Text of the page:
When presenting HDR on projectors, it is important to have better control over the brightness of darker details. For example, under the circumstances that the maximum brightness remains unchanged, we can use the Dynamic Iris to control light intensity and thus darken the darker areas. This will create more detailed light and dark gradations, more contrast, and therefore present an HDR-like image.
Compared to TV sets or monitors, what is more challenging for projectors is that the light and dark areas that the audience sees vary with the size of the screen. Therefore, manufacturers have to go through some extra processes when manufacturing HDR projectors. For example, when calibrating colors and EOTF curves (EOTF curves represent how human eyes react to brightness changes), the curve for HDR TVs can be more sharp while the curve for projectors should be smoother. This explains how different devices with different natures of generating images can still present complete HDR details.
Before defining how HDR projectors present HDR contents, first ensure precise tone mapping. For example, how to transform an image that has 150 nits into a 100 nit image, while still maintaining light and dark gradations? It takes the experience and expertise of color engineers to find the best performance within the capabilities of the projector to keep all the details and tonal changes of the image.
A few key elements are needed to present a true HDR image: the display, the player, and the content, as each of them have to be HDR-compliant in order to enjoy a true HDR experience. Most consumers are not able to identify if they are watching HDR content without having at least two monitors in front of them to compare and contrast the image. Sometimes even professionals could miss it. When it comes to projectors, more factors can affect viewing quality, including the environment, the distance from the projector to the screen, the viewing angle, the materials of the screen, or even the personal preferences of the audience.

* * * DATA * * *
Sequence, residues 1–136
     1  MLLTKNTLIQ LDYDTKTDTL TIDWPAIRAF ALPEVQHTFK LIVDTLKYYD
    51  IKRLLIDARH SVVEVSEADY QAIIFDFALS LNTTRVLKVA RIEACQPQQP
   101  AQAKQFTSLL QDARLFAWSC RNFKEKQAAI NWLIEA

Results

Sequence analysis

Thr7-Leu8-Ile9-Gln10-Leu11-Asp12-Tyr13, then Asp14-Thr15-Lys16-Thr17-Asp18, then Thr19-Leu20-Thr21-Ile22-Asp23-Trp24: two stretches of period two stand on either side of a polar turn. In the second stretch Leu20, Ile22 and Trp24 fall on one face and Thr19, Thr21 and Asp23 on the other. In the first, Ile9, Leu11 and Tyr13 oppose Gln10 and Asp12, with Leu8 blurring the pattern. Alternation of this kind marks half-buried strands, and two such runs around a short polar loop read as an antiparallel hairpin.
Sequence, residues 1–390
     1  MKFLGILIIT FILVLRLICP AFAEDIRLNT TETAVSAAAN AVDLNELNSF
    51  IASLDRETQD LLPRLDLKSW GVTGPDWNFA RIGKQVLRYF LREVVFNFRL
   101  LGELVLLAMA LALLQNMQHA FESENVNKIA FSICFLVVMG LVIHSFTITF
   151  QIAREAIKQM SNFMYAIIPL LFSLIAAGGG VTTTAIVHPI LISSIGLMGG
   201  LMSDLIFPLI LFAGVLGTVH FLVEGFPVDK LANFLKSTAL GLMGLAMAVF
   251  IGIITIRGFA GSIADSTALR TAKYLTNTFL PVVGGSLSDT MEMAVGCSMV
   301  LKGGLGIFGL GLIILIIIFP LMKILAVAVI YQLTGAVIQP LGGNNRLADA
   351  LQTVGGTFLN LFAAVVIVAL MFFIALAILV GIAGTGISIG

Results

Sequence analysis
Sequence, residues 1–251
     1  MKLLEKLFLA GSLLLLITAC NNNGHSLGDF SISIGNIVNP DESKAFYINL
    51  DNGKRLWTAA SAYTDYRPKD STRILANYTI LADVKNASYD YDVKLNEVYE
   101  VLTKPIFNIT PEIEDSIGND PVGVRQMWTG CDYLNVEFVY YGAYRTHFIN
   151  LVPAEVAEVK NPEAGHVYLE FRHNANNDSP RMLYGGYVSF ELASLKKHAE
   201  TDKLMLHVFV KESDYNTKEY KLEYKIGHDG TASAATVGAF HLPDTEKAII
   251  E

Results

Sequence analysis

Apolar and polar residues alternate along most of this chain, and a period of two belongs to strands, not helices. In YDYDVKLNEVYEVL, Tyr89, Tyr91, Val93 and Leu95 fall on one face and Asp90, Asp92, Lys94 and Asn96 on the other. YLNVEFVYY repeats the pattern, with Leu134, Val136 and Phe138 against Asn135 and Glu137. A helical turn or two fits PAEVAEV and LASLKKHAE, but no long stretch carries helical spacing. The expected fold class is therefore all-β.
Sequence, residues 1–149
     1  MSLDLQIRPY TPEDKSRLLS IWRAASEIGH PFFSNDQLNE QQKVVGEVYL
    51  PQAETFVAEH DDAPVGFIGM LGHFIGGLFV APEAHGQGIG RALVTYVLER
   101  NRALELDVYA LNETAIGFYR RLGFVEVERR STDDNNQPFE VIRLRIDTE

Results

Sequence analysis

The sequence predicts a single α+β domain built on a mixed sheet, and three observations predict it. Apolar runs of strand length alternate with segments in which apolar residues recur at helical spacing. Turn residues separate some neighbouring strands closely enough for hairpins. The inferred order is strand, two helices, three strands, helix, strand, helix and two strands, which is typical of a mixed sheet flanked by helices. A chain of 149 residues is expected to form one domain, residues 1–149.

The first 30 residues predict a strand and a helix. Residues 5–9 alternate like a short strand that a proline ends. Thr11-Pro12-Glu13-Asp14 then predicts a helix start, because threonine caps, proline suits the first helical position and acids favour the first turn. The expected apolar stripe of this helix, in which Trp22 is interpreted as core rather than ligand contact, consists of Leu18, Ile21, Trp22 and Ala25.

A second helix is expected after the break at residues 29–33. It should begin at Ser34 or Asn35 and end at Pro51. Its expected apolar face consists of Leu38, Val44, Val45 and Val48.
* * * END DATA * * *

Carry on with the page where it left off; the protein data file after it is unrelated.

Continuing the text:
The closer the projector is to the screen, the brighter the image and vice versa. The Screen Gain value will make a difference, too. Gain value is an index measuring how reflective a screen is. A screen with high gain values will have greater maximum brightness while a screen with low gain values will make the image darker. However, it does not mean ‘the brighter, the better’ here. The brighter the projected image, the more dark details are omitted, failing to present the most original image.
The size of the screen also matters. Most screens on the market are between 100 inches and 120 inches. The gain value usually falls between 1.0 to 2.0, sometimes even higher. Usually a screen with high gain looks brighter in the middle, while a screen with low gain shows better dark details. Considering common environments at home, most home projector screens have a lower gain value of around 1.0 for a wider viewing angle and better dark detail performance.
Still, all depends on the actual viewing environment. For example, when watching 3D movies, since the 3D image is usually darker, some consumers would choose a screen with higher gain values to brighten the image for a better viewing experience.
So, compared to other devices, HDR projectors give a viewing experience closer to that of the cinema. The projected contents display colors that human eyes see, images that directors want to show, and give audiences a most comfortable and authentic viewing experience.